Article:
Gumi adjusts full year forecasts from $10.6m profit to $5m loss
Overseas market proves tough for Japanese mobile firm
Japanese mobile firm Gumi has drastically lowered its financial forecast for the full-year ending April 30, dropping its predicted bottom line from a profit of $10.6 million to a loss of $5 million.
The downturn follows an extremely successful recent IPO for the company, which raised $890 million just last November to launch on the Tokyo Stock Exchange. Having made a loss of around $1.3 million in the year prior, a healthy margin would have been an excellent start to public ownership, but Gumi has found a number of aspects more challenging that its executives previously expected.
Primarily, Gumi's problems were caused by the failure of its key brand, Brave Frontier, to emulate its domestic success abroad, reports Tech in Asia. Alongside that, delays to its other international releases had a knock on effect, although it's not clear whether those delays were a result of the poor performance of Brave Frontier. Lastly, Gumi's other domestic games also faltered, stalling growth.
It marks a difficult period for the firm, which has expanded rapidly in the west with new offices and hires but has shed 25 per cent of its share value since floating. If fortunes cannot be turned around rapidly, that expansion may well become a retreat.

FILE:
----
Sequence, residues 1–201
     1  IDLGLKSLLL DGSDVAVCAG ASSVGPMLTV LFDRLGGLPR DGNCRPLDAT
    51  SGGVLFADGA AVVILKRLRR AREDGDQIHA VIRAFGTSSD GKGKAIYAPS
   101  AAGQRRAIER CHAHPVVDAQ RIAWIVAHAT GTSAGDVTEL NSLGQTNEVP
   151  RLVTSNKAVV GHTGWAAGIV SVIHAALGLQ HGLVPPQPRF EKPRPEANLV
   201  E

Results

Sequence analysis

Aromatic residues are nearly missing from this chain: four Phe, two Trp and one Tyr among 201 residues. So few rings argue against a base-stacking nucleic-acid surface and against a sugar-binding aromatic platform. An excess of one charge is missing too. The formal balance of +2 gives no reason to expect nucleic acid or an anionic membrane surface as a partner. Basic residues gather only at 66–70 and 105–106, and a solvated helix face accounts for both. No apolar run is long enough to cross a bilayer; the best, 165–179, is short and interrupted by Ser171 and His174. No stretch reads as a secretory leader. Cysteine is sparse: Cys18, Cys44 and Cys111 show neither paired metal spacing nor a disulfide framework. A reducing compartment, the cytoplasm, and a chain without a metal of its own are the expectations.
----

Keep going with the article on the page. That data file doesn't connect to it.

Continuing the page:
There are plans in place to stop the rot. New monetisation options are being sort for existing properties, and marketing campaigns are being stepped up - although the standards which a game must meet to secure an advertising budget are getting higher. Overseas publishing is to undergo a major overhaul, with the company looking for forge closer links with foreign partners.
Somewhat refreshingly, founder and CEO Hironano Kunimitsu has also taken direct responsibility for the bad forecast, volunteering to drop all salary payments for the next six months as a mark of good faith. If things haven't improved within that six months, the charismatic executive might find he faces a more difficult decision.